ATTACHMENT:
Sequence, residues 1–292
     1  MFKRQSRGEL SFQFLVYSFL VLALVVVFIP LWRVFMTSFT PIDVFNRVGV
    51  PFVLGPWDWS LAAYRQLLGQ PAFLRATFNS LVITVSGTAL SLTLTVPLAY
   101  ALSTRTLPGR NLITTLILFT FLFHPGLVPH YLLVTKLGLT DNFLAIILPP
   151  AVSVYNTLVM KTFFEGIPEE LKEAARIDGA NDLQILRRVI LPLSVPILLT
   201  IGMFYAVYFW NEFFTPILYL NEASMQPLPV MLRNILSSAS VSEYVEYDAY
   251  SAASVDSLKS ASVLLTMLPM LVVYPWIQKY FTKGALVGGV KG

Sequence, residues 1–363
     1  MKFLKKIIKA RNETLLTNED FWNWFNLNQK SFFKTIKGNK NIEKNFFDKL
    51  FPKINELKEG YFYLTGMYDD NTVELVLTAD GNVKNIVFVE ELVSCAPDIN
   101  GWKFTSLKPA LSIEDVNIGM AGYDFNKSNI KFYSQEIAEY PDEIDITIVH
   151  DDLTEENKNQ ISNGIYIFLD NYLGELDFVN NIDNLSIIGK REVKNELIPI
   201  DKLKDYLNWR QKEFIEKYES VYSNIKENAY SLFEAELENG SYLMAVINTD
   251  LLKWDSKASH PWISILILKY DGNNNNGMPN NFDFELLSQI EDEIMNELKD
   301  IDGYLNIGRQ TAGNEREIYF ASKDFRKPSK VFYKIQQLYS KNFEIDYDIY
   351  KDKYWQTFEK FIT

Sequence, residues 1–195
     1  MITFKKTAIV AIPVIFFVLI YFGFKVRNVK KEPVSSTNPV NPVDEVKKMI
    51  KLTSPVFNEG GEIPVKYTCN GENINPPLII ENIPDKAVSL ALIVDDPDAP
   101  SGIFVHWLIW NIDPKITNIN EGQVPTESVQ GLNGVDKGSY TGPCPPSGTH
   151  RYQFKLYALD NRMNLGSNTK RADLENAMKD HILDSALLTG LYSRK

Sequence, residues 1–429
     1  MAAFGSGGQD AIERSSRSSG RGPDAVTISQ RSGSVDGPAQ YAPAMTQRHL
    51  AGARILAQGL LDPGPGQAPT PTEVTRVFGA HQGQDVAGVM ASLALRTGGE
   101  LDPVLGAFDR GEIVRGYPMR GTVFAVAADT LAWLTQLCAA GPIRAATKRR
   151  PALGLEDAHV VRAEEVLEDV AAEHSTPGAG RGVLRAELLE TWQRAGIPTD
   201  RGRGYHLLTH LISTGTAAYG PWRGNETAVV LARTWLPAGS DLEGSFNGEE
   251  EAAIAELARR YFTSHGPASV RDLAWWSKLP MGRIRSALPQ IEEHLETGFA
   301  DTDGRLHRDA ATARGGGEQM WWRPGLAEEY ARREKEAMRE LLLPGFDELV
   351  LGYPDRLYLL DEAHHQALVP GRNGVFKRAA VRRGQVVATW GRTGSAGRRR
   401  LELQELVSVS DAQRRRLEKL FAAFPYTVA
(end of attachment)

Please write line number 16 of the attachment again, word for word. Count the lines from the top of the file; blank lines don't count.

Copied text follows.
   351  KDKYWQTFEK FIT